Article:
Some Seder companions
Another way to enhance your Seder is by pairing a traditional, basic Haggadah with a thought-provoking Seder companion. Hadar, an organization centered on empowering Jews to create and sustain vibrant, practicing egalitarian communities rooted in Torah, avodah, and hesed, provides “The Stories we Tell: Reflections on the Book of Exodus.” This 36-page companion was released in April 2019 and is downloadable.
One of the highlights of this companion is “Questions for any part of the Seder,” a series of trigger questions that have the potential to bring a Seder to life. These include questions such as, “What can the person to your left teach you about that?” (referring to whatever was last read) and “How does the food we are eating now reflect the meaning of this part of the Seder?”
Essays are contributed by a mix of Jewish leaders from Rabbi Ethan Tucker, rosh yeshiva and co-founder of Yeshivat Hadar in Manhattan, who is considered an authority on Egalitarianism in Jewish law, to Dena Weiss, Hadar’s rosh Beit Midrash and director of Fellowship Programs.
Another Seder resource can be found on the Repair the World website under the heading #MySederServes. The website describes how, “Each year, we gather around the Seder table to retell the story of the Exodus to reflect on an ongoing journey to freedom, and to connect past to present – from servitude to service. This year, as we reflect on what freedom means as a multiethnic, multiracial Jewish community, we will serve up new conversations at our tables and dedicate a moment in our Seders to go from memory to action.”
The resources Repair the World provides include essays on food and justice, for example. However, here the highlight is printable “trivia place cards” designed in conjunction with Be’chol Lashon.
“Because Moses floated in the water in this,” reads one card, “what item do many Jews of Tunisia decorate with a colored cloth and place on the table?”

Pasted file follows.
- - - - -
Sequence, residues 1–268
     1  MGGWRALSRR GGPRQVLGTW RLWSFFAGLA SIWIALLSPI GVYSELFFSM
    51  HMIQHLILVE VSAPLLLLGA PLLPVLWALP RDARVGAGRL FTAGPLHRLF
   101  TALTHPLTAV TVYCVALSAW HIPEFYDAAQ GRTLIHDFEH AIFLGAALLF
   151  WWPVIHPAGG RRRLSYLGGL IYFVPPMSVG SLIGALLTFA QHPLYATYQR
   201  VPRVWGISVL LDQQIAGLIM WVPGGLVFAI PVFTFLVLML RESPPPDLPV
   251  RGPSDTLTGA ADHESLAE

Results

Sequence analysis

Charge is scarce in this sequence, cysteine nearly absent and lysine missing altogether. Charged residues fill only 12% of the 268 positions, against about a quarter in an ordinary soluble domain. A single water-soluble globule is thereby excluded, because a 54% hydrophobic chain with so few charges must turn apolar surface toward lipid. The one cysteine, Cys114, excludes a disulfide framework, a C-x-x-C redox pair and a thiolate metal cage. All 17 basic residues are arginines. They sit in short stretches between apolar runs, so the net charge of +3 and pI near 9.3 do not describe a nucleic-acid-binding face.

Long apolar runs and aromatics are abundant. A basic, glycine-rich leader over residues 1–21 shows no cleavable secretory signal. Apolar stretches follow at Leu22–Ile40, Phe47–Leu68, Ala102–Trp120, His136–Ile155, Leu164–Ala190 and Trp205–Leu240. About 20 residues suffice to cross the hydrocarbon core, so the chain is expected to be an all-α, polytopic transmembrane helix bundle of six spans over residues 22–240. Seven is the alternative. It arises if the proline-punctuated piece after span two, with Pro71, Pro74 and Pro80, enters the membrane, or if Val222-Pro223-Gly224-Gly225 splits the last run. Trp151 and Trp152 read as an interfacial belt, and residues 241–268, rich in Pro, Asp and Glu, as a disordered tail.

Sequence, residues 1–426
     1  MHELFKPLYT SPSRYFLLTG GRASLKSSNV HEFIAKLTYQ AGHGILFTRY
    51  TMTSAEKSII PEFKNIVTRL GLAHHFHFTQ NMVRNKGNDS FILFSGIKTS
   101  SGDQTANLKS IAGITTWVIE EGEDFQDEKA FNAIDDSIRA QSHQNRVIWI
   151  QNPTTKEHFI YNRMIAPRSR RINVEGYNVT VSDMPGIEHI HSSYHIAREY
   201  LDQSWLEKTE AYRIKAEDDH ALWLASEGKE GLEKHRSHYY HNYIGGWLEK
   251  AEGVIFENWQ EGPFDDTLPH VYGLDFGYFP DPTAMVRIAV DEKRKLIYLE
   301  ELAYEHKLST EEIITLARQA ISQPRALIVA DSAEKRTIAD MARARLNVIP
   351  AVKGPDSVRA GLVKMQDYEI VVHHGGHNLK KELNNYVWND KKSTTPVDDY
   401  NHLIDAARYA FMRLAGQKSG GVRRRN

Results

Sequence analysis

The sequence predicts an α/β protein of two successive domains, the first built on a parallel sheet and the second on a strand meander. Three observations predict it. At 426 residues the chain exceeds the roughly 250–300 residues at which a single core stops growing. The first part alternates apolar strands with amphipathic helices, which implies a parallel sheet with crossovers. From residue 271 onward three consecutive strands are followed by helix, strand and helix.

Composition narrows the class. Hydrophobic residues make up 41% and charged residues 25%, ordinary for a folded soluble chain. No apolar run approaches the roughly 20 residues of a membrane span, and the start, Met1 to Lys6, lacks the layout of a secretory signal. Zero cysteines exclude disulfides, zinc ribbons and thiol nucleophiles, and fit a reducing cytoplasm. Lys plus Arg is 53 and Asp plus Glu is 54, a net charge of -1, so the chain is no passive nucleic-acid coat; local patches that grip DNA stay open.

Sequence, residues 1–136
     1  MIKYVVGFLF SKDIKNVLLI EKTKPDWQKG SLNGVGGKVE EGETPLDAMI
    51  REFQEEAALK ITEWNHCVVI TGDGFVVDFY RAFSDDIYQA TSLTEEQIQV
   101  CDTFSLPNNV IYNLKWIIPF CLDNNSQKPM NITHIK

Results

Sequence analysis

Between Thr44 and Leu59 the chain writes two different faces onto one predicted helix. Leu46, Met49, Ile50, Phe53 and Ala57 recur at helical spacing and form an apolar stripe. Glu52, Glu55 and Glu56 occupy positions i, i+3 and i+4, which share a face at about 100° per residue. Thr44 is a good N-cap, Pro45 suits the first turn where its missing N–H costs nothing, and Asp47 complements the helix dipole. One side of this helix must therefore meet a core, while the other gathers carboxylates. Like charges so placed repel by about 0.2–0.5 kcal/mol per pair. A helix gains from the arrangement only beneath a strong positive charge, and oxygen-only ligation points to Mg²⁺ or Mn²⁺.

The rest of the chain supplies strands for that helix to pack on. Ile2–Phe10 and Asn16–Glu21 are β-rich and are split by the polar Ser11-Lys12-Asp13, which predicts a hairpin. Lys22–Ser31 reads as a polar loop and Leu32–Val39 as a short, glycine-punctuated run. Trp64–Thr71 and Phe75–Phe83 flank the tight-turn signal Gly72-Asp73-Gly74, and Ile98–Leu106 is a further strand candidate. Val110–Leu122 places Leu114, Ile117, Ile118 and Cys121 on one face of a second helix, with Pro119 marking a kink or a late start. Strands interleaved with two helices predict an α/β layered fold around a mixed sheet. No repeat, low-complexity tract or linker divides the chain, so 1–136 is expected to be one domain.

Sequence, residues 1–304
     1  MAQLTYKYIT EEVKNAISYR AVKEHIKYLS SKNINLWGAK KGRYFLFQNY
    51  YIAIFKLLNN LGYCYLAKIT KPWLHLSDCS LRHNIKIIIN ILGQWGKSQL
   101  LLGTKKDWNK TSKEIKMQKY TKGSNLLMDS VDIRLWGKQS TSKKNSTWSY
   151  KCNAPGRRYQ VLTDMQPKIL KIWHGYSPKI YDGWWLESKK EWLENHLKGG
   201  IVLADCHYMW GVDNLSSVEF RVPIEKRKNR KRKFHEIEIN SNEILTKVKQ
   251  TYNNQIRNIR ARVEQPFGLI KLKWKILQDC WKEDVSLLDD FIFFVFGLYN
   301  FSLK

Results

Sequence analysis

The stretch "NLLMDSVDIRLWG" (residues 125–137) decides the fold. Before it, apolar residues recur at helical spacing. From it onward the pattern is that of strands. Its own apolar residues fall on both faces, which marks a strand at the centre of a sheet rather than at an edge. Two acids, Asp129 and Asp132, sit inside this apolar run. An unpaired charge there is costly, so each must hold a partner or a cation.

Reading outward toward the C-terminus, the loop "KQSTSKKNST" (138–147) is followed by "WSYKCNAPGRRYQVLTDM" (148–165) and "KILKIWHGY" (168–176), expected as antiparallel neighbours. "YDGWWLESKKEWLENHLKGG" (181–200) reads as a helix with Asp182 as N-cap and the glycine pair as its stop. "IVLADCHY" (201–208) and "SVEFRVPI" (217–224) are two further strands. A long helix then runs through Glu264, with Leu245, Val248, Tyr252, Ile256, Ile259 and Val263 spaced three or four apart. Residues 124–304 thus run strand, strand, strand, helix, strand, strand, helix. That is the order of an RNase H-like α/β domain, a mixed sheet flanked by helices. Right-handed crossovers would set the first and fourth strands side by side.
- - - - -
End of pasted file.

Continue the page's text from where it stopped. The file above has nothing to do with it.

Guests can read these trivia questions aloud, the table can try to answer them, and then participants can share their own traditions, as well.
Self–published for the Seder
If you want a Haggadah at your table that almost no one else will have and that is written and designed with full-heart and hope for the little ones, then order Devorah Werdesheim’s A Pirate’s Haggada. Its stunning, full-color images bring the story of Passover to life for any child.
Werdesheim is based in Maryland and took up writing and illustrating children’s stories when her first grandson was born five years ago. A children’s book called “The Brave Young Pirates Save the Day” led to this new Passover adventure.
“Some of the kids are not so religious and are less familiar with the mitzvahs involved in Passover,” Werdesheim, who lives in Baltimore, Md., told eJP. “I thought that if they love pirates so much, maybe I can write a book that is about pirates and therefore catches their imagination.”
It took Werdesheim more than six months to write A Pirate’s Haggada. She said that she planned originally only to print it for her own family, but so many other families started asking for copies that she found a printer to replicate the project in full-color and at low cost. Now, she sells the Haggadah via email/direct mail from her home for $12. (email firstname.lastname@example.org) from her home for $12.
“Being retired is a blessing, because I can spend as much time as I want on my artwork,” said Werdesheim.